Friday, March 30, 2018

Quote of the Day (W. H. Auden, on the Way From ‘Miraculous Birth’ to ‘Dreadful Martyrdom’)

“About suffering they were never wrong,
The old Masters: how well they understood
Its human position: how it takes place
While someone else is eating or opening a window or just walking dully along;
How, when the aged are reverently, passionately waiting
For the miraculous birth, there always must be
Children who did not specially want it to happen, skating
On a pond at the edge of the wood:
They never forgot
That even the dreadful martyrdom must run its course
Anyhow in a corner, some untidy spot
Where the dogs go on with their doggy life and the torturer's horse
Scratches its innocent behind on a tree.”—English poet W. H. Auden (1907-1973), “Musee des Beaux Arts,” in Another Time (1940)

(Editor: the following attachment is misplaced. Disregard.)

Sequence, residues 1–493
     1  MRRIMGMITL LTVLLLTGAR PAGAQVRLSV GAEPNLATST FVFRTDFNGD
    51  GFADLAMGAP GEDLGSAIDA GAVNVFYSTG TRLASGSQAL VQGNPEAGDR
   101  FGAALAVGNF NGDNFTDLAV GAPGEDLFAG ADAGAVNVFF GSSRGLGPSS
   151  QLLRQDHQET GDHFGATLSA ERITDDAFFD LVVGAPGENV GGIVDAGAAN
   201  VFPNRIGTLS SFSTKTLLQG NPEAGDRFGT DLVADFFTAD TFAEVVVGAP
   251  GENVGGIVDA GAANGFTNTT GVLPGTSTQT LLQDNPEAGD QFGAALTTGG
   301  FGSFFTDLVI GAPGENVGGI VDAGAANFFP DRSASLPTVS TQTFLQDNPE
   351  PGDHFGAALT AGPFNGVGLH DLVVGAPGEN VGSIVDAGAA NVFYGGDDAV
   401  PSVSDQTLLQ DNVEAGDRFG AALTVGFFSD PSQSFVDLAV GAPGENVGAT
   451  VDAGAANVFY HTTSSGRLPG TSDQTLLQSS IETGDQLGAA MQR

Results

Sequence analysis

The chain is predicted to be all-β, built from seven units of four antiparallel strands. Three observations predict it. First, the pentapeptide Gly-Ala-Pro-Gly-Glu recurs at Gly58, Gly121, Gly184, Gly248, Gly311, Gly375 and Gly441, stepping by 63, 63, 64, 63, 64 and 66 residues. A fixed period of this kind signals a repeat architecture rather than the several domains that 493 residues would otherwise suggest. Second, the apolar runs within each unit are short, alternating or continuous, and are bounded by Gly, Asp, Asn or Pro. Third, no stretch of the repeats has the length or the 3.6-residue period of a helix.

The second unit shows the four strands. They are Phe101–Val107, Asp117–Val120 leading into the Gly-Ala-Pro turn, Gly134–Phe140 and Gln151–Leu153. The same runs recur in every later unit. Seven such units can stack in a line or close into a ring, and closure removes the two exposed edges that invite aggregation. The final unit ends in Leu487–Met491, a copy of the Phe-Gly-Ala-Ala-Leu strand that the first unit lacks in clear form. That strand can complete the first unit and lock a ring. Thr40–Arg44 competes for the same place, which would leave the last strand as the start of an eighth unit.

W.H. Auden was inspired to write these verses by a December 1938 visit to the Musées Royaux des Beaux-Arts de Belgique in Brussels. Among the “masters” he might have been struck by would have been Dutch painter Cornelis Engebrechtsz (ca. 1461–1527), whose oil-and-wood painting The Crucifixion with Donors and Saints Peter and Margaret hangs in New York’s Metropolitan Museum of Art.

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